It has been shown that the profilometer scratch depth on the enamel with deposited polymers was in the range of 10nm (30s treatment time) up to 25nm (120s treatment time). Compared to this, the unmodified CAS-treated surface showed a greater scratch depth: from nearly 30nm (30s treatment time) up to 60nm (120s treatment time). Based on XPS measurements, scanning electron microscopy (SEM) and zeta-potential measurements, a model was hypothesized which describes the layer deposited on the enamel surface as consisting of two opposing gradients of polymer molecules and hydroxyapatite (HA) particles.
In this study, the structure and composition of polymer layers deposited on in vitro dental enamel during treatment with polymer modified citric acid solutions were investigated. Observations are consistent with a layer consisting of two opposing gradients of hydroxyapatite particles and polymer molecules. This leads to reduced erosive effects of citric acid solutions on dental enamel surfaces.
Dental materials: official publication of the Academy of Dental Materials 08/2012; 28(10):1089-97. · 2.88 Impact Factor
[show abstract][hide abstract] ABSTRACT: One approach to create novel amphiphilic surface nanostructures with typical lateral pattern dimensions in the order of 10 nm is to employ double crystalline co-oligomers with domain sizes largely determined by the block length of extended molecular chains. The aim of the study was to test the hypothesis that the extended chain bulk morphology of an asymmetric polyethylene-block-poly(ethylene oxide) (PE-b-PEO) co-oligomer can be induced at its thin film surface. Furthermore, we explored the central role of the extended oligomer orientation and the surface affinity to achieve an amphiphilic: surface nanostructure. The co-oligomer was drop-cast from dilute solution onto hydrophobic, neutral and hydrophilic substrates. Atomic-force microscopy revealed that independent of the substrate chemistry, the film thickness was quantized in integral multiples of the calculated extended chain length. At the same time, the terraces exhibited lateral domains that coarsen with increasing substrate hydrophobicity. Altho
[show abstract][hide abstract] ABSTRACT: The nanostructure of thermally annealed thin films of poly(3-hexylthiophene) (P3HT) and [6,6]-phenyl-C61-butyric acid methyl ester (PCBM) blends on hydrophobic and hydrophilic substrates was studied to unravel the relationship between the substrate properties and the phase structure of polymer blends in confined geometry. Indeed, the nature of the employed substrates was found to affect the extent of phase separation, the PCBM aggregation state and the texture of the whole system. In particular, annealing below the melting temperature of the polymer yielded the formation of PCBM nanometric crystallites on the hydrophobic substrates, while mostly amorphous microscopic aggregates were formed on the hydrophilic ones. Moreover, while an enhanced in-plane orientation of P3HT lamellae was promoted on hydrophobic substrates, a markedly tilted geometry was produced on the hydrophilic ones. The observed effects were interpreted in terms of a simple model connecting the interface free energy for the blend films to the different polymer chain mobility and diffusion velocity of PCBM molecules on the different substrates.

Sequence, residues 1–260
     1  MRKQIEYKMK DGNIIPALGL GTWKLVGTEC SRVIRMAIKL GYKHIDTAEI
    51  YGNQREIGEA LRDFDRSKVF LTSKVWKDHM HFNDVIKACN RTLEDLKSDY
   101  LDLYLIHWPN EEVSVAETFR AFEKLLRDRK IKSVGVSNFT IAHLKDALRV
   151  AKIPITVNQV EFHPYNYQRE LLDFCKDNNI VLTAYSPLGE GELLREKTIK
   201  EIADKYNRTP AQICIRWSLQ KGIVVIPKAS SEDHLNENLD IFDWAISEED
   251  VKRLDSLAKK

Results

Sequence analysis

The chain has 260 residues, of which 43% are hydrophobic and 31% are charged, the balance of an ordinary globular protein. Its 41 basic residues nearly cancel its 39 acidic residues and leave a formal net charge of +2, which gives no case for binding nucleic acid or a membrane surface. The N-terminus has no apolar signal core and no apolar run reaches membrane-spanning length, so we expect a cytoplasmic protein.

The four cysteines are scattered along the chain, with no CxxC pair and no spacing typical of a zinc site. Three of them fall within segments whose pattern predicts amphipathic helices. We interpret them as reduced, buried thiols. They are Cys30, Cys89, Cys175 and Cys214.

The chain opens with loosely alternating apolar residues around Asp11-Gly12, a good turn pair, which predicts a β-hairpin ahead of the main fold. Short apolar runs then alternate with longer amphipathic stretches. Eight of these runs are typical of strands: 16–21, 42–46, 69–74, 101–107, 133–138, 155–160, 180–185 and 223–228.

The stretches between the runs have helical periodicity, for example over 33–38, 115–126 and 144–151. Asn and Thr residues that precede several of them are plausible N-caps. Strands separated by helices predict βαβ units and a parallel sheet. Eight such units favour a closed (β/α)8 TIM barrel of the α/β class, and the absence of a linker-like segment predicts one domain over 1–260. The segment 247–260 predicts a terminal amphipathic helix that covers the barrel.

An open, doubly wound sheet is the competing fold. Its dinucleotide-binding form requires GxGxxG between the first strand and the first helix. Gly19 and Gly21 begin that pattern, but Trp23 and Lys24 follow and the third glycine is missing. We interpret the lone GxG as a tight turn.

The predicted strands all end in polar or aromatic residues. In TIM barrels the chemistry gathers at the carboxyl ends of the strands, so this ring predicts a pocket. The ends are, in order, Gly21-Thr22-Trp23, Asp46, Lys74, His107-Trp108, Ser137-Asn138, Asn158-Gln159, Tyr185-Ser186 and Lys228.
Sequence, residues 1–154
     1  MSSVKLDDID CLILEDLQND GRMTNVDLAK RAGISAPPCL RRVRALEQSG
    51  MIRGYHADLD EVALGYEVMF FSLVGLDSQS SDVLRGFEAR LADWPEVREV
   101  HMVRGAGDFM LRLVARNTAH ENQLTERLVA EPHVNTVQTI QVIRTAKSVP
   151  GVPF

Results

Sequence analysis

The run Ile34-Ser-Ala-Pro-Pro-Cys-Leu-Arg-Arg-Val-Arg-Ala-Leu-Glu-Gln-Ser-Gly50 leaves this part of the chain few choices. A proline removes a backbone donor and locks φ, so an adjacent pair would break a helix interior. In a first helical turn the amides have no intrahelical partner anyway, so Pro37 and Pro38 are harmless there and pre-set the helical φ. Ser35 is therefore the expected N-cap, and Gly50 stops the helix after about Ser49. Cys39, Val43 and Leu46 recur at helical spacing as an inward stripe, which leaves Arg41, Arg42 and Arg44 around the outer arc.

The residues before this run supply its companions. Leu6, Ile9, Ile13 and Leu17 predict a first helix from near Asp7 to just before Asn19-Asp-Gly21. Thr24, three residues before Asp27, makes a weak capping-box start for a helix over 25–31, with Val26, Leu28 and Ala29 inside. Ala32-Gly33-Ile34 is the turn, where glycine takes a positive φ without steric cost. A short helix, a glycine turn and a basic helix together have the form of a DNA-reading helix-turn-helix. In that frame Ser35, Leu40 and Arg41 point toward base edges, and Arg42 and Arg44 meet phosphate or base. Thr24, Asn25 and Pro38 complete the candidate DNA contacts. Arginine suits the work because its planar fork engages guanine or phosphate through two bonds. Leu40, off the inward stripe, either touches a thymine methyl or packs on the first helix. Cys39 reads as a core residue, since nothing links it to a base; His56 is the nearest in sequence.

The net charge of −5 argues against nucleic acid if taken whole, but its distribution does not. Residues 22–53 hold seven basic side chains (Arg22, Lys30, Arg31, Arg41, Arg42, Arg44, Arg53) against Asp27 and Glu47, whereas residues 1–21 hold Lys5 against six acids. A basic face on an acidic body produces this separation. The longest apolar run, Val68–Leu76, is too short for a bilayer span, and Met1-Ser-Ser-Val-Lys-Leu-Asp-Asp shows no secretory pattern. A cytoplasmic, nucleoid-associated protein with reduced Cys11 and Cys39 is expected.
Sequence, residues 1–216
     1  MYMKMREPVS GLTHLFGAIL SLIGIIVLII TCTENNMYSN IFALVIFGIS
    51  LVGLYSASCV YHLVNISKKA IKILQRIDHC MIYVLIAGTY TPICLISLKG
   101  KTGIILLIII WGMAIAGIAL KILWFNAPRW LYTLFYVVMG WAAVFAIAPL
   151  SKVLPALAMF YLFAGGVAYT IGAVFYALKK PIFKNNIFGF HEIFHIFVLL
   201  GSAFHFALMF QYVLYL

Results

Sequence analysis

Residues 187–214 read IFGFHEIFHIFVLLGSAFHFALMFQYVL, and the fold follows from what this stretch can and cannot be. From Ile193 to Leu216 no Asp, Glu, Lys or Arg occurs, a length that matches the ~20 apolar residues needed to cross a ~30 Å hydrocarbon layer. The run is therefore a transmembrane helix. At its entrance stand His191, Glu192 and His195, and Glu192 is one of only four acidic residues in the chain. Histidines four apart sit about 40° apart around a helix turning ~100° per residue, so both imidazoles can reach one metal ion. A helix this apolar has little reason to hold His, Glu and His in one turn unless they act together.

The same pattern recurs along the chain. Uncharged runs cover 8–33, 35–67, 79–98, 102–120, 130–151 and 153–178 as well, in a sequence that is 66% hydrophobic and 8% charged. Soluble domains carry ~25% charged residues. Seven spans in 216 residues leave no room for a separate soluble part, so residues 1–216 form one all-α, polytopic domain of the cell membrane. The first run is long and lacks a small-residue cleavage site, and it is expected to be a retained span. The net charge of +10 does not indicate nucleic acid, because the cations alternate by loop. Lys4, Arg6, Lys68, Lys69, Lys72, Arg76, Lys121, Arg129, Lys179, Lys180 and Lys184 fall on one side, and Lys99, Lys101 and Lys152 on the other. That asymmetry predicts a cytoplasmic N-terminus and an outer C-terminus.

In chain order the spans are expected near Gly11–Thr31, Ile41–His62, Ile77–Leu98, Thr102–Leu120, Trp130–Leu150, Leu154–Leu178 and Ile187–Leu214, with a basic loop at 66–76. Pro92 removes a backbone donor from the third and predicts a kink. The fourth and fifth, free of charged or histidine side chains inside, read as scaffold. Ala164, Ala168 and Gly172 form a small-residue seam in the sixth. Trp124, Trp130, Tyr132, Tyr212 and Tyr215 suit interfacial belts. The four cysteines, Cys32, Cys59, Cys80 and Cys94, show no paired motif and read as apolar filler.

[show abstract][hide abstract] ABSTRACT: The study was aimed at investigating the cytotoxicity of different composites as a function of composite shade and the light curing unit (LCU) employed.
Non-polymerized and polymerized samples of the composites Grandio(®) (VOCO, Cuxhaven), Solitaire(®) (Heraeus Kulzer, Hanau) and Filtek Z 250(®) (3M/Espe, Seefeld) in two markedly differing shades (A2, C2) were prepared. Polymerization was performed with two LCUs: Heliolux II (Ivoclar/Vivadent, Ellwangen) and Swiss Master Light (EMS, Nyon, Switzerland). To obtain composite extracts, the samples were immersed in cell culture medium (DMEM--Dulbecco's Modified Eagle Medium), which was replaced daily up to the 7th day of the experiment, and then on the 14th, 21st and 28th day. After incubation of human gingival fibroblasts (HGF) with the extracts obtained, cytotoxicity was determined using the MTT test.
With the non-polymerized samples, essentially no influence of the composite shades investigated on HGF viability was detected, with the exception of the Solitaire material, where a higher cytotoxicity of the shade C2 in the non-polymerized state was found at the end of the observation period. After polymerization of the different composites, the cytotoxic reaction observed for the extracts of shade C2 was stronger than that observed for A2. After polymerization with the Heliolux II (HLX) LCU, the extracts of composites Grandio and Solitaire C2 were significantly more toxic than those of the A2 shade (p<0.01). Polymerization with the Swiss Master Light (SML) reduces this cytotoxic effect. The extracts of the Grandio composite showed the least cytotoxic effect throughout the observation period, irrespective of the LCU used. For the extracts of the Z250 specimens, the cytotoxicity observed was generally higher.
The results show that the shade of the composite has an influence on its cytotoxicity and that this cytotoxicity is also influenced by the light curing unit used. It was observed that composites of the darker shade (C2) had a higher cytotoxicity, which varied with the LCU employed.